SKOWHEGAN — When Kerstie Bush of Bangor found her lost dog at the Somerset Humane Society shelter in Skowhegan last week, she cried.

Running Bear, her 4-year-old Australian shepherd, which had been missing for more than a month, did the same thing.

“He jumped up and down like a spring and he started talking to me, telling me the whole story of what happened,” said Bush, 19. “When I saw him, I couldn’t hold back my emotions, and I just started crying and crying. He cried with me. He was so happy.”

Christine Coolidge, who was on duty at the shelter in Skowhegan when Running Bear was brought in as a stray, agreed.

“She brought her grandfather in to look at another dog, and when I brought them out to the dog room, she looked and she said ‘Bear?’ and the dog cried. Have you ever seen a dog cry?” Coolidge said. “He was whining and wagging his tail. It wasn’t a regular dog barking. I don’t know how to describe it. It’s not a bark; it’s just a constant whine.”

The story of how Bear got from Bangor to Skowhegan started when the dog went to visit Bush’s husband’s grandmother in Hartland in August. Bear ran off and didn’t come back.


Bush, who is studying at the University of Maine at Augusta to become a veterinary technician, said Bear is a therapy dog for her husband. Losing the dog was twice the heartache, she said.

“After a few weeks I went with my papa – his dog had just passed away – to the animal shelter to get him a new dog,” she said.

Bush said she first tried to find a dog for her grandfather at the Bangor Humane Society shelter, but it didn’t have any dogs that he wanted. The Somerset shelter’s Facebook page showed a photograph of a dog that resembled the dog the grandfather wanted, so they drove to Skowhegan, she said.

Meanwhile, Coolidge said, the county animal control officer brought in an Australian shepherd on Sept. 18, having found the 40-pound dog as a stray in the town of Corinna. Coolidge said they looked through the shelter stray dog reports and found that someone from Bangor – Bush, as it turned out – had reported her dog missing.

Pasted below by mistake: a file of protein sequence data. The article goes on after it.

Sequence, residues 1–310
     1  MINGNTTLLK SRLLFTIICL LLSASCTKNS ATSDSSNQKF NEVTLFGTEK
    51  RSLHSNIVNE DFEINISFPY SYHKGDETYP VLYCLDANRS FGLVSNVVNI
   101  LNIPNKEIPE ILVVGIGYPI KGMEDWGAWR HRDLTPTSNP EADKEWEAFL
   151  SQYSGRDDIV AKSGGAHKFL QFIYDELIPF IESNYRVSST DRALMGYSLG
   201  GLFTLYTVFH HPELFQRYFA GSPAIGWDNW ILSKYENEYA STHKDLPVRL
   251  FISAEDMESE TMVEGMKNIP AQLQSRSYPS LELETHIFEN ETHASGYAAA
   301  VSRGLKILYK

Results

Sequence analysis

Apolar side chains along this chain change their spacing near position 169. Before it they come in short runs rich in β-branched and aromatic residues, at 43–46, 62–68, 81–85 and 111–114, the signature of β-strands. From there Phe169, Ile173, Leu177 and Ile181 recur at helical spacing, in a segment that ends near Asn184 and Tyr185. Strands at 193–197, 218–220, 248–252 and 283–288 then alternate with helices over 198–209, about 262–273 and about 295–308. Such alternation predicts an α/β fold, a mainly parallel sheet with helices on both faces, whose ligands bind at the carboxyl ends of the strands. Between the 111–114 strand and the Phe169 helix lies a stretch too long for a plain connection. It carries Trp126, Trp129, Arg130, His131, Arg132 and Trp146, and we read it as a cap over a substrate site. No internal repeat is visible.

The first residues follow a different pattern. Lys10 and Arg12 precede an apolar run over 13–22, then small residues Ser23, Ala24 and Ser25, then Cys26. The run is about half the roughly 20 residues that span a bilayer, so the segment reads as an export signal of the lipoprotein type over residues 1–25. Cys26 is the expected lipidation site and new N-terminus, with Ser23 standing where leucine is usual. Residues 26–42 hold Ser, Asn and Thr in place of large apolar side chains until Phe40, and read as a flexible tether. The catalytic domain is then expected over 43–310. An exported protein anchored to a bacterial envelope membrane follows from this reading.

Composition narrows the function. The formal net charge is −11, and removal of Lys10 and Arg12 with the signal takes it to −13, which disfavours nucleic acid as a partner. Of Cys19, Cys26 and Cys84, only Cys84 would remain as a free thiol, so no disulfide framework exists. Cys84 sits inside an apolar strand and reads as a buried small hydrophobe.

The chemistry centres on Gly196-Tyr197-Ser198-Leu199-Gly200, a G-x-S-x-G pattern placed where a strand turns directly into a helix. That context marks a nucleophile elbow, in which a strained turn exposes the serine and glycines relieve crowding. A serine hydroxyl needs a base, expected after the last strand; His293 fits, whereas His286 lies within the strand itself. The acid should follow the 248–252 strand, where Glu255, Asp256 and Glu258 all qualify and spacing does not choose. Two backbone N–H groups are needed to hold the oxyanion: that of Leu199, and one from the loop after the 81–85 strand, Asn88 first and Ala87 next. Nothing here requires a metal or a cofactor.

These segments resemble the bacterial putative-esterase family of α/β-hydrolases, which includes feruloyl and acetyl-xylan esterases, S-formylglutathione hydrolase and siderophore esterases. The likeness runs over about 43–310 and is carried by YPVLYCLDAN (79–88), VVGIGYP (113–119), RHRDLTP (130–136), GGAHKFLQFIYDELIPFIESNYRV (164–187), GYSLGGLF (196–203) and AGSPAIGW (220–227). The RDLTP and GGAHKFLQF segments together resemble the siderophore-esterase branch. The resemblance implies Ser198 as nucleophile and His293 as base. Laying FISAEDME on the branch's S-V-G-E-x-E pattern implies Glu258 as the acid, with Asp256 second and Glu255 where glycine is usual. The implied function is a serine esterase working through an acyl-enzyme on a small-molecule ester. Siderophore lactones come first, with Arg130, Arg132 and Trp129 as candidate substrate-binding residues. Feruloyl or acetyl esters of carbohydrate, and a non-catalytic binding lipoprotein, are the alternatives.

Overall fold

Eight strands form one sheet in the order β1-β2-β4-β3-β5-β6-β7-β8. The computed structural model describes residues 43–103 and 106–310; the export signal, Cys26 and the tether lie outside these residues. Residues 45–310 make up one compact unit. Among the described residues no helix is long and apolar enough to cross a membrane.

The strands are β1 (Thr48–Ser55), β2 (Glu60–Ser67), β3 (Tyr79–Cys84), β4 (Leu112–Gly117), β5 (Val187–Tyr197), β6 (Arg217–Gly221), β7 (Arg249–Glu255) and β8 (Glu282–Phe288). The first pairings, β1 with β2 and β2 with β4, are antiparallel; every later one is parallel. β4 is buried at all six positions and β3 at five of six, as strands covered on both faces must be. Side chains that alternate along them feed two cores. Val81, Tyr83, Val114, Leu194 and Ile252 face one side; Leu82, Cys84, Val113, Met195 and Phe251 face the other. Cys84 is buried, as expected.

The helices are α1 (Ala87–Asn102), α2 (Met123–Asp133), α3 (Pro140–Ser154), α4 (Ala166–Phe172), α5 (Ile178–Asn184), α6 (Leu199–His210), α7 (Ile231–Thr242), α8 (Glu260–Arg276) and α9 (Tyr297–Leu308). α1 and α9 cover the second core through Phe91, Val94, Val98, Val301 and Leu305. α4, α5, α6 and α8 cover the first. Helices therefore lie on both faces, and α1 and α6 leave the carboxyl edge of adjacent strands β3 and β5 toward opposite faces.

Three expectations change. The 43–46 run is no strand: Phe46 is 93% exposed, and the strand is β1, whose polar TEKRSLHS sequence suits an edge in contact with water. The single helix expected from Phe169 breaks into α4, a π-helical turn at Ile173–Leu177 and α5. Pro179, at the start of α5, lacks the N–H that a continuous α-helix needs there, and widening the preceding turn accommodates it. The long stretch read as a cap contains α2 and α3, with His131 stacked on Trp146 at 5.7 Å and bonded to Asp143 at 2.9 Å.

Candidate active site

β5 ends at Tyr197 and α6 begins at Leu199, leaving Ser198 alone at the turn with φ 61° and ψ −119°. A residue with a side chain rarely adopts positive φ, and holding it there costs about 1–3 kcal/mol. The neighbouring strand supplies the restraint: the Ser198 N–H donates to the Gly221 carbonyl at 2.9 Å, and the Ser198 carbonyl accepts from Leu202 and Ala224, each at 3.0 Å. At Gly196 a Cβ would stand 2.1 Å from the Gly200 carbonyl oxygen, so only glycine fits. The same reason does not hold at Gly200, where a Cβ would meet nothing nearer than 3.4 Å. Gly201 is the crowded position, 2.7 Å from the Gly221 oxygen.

That’s where the confusion – and ultimately, the serendipity – comes in.

Shelter workers called Bush and left a message saying they had a stray that matched the description of her missing dog. Bush misunderstood and thought the call was from the Bangor shelter and never bothered to call back.


The next day, Sept. 19, Bush and her grandfather showed up at the Skowhegan shelter to inquire about a dog named Azalea, a pit bull mix – the one they had seen on Facebook – that most closely matched her grandfather’s former dog.

“They came in, and we have a white board with the dogs that we have here and their descriptions,” Coolidge said. “She looked up at the board and said, ‘I lost a dog like that,’ ” she said. “The same girl we called about the stray came in to look at Azalea.”

Bush looked at Bear and said, “That’s my dog,” Coolidge said.

And it was.

Bush said she was not charged a fee, but she said she wants to make it right with the shelter that reunited her with her lost Running Bear.

“I am going to be donating some stuff to the animal shelter since they helped my dog,” she said.

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